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The image below is a 680uH and 4A inductor:

enter image description here

Can I use 5 of them in parallel to make a boost converter which has input current of 15A and inductance of 136uH. The converter is made of discrete components thus no recommended inductor can be found.

I think to do the same for the pi filter at output which is 10A max and will consist of two parallel 68uH inductors with 1mm wire thickness:

enter image description here

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  • \$\begingroup\$ You could try, but each inductor may not be identical and one may take most of the current. \$\endgroup\$
    – Kartman
    Nov 11, 2022 at 3:43

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Yes, but consider doing a few other things first:

  1. Raise operating frequency. Voltage isn't indicated, but if this is average low voltage stuff (5-30V?), these inductances sound monstrously large for that.

    For current, non-bleeding-edge tech, I would choose values in that range for, oh I don't know, mains voltages or thereabouts?

    Example: 136uH 15A has 20% or 3A peak current ripple, at 100kHz, for ±160V applied, e.g. a buck converter from 320 down to 160V, or a bit slower for other ratios at the same input. That is, V = L dI/dt, for dI = 3A, dt = 2.5µs (quarter a 100kHz wave -- quarter because peak, not p-p which would be half up and half down), and L = 136µH.

  2. Rather than wiring everything in parallel / synchronously, do it out of phase (phase interleaved converter). This is more of a priority with respect to transistor ratings, or these days even moreso just sheer layout limitations, but perhaps it's relevant here, too. The disadvantage is more components: more inverter and filter stages repeated; more control complexity (hopefully solved with a single integrated controller, but if not, it can get quite baroque). The advantage is, input and output ripple goes as 1/N for N stages in phase interleave. Which greatly saves on capacitor ratings, which is actually a rather big deal for compact, high power designs.

  3. Can you really not find bobbin-style inductors in those values? They're fairly common around here at least [western markets]. But maybe I'm missing something from my perspective.

    3a. Does it have to be bobbin-style? There are other semi/fully shielded ferrite cored inductors available, and even composite/molded types with reasonable performance (some with Q over 100 at some frequencies). If you're confining your search to THT, seriously consider expanding your capabilities. It's not that much effort to use SMT once you have the tools/techniques, and product availability is tremendous.

Regarding the toroid pictured: beware, they can have obnoxiously high losses. The yellow core pictured is most likely a Micrometals #26 powdered iron, little more than a resistor above 200kHz -- and quite lossy below there. Its only advantage is low cost; it's only suitable for CCM (continuous current mode, read: low ripple fraction, typically under 10%) converters below maybe 50kHz. Unfortunately, datasheets rarely tell you what material they actually used -- and supplier photos are spotty.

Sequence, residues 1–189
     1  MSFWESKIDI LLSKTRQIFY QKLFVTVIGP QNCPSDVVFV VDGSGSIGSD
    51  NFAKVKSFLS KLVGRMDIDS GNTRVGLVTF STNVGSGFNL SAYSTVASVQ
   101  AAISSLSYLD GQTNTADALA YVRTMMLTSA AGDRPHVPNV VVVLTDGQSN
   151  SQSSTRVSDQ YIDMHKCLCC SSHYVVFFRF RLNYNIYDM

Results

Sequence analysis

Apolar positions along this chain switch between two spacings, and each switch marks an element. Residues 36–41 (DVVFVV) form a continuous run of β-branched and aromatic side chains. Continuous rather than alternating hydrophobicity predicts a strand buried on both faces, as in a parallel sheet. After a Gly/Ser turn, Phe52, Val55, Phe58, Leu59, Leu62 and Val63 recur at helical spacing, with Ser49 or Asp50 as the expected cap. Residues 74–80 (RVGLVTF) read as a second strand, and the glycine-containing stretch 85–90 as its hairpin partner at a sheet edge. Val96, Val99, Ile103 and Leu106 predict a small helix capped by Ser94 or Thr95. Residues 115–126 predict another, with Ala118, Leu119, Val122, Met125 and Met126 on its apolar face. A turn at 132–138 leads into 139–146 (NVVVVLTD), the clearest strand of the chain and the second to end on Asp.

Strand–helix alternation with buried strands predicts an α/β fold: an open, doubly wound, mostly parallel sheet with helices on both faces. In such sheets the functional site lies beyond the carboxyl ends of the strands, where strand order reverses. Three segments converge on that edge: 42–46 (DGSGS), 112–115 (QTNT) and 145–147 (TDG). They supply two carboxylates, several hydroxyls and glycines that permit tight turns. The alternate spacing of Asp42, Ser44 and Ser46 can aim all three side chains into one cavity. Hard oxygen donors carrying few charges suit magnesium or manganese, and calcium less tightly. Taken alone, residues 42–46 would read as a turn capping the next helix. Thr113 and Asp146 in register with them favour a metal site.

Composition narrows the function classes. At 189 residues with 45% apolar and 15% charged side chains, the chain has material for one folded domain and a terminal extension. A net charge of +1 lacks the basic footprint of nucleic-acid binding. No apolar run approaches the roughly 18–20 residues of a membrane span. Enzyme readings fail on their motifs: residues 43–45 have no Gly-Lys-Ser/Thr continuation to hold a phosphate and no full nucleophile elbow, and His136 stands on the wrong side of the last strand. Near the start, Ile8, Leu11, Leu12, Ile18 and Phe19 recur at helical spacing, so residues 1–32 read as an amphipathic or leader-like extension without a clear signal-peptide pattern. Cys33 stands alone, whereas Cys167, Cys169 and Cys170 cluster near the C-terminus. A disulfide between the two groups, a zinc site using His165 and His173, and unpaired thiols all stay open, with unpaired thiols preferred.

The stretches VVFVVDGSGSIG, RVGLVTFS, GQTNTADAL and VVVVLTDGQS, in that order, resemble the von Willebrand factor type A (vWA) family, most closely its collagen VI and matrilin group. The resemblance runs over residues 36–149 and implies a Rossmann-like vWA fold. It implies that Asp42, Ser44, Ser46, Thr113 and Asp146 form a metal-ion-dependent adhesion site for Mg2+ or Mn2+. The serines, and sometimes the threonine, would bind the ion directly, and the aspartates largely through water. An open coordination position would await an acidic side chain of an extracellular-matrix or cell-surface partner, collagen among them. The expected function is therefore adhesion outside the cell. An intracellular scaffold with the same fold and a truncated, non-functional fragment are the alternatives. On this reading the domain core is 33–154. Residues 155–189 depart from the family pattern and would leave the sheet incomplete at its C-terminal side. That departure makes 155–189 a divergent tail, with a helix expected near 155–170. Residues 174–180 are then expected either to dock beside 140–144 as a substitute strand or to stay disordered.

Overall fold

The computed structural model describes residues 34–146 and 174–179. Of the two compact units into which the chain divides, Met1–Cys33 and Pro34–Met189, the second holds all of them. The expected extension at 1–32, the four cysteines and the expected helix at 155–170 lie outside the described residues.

I do know, offhand, Bourns' 2200LL series for example, uses Kool-Mu (black; by Magnetics, Inc.), which is a reasonable powder material. Still most suitable in CCM, but to higher ripple fraction (say 30%?), and at higher frequencies (100kHz, may be a bit more?).

Generally you want ferrite for lower losses (required for high ripple fraction i.e. DCM, such as peak current mode converters), and generally that means cut/molded core shapes with an air gap.

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  • \$\begingroup\$ I did my calculations, this converter can boost 7V to 100V with more than 1.2A output, so input current can go 15A. The converter is around 120-150W. I an increase the frequency to take current ripple down but according to my calculations it is only 0.8A in the worst case. I searched for phase interleaved converter in the internet, they look cool but this is my very first boost converter I'll ever make so don't want to confuse yet. I could only find choke inductors at that current rating, my supplier is not that professional. \$\endgroup\$ Nov 11, 2022 at 12:49
  • \$\begingroup\$ I am using a torroid, a choke inductor (cdn03.ciceksepeti.com/cicek/kcm69037033-1/L/…) to make a pi filter at the output (it's too lossy for boost converter L). The pi filter consists of 100uF cap - choke with unknown inductance (recycled item) - 10uF polyester respectively. The 100uF is the cap of boost converter and feedback loop is taken from that capacitors voltage. I was okay for unknow inductance because the cutoff frequency is way below switching frequency even the choke has small L. \$\endgroup\$ Nov 11, 2022 at 12:57
  • \$\begingroup\$ Ok, filter is a good place to use those, yes. The losses reduce filtering a bit, but also help dampen it so you have a reduced transient response without having to add R+C snubbers or whatever. \$\endgroup\$ Nov 11, 2022 at 16:09
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Yes, you can.

The small bobbin inductor doesn't appear to be really capable of 4 A. In addition, of you place inductors close together, there may be some magnetic coupling which means the effective inductance will be different from what you calculate (+ or -, depending on the polarity of coupling).

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  • \$\begingroup\$ Also wondering how the connection will perform, because of a multilayer or longer return path. \$\endgroup\$
    – RemyHx
    Nov 11, 2022 at 4:32

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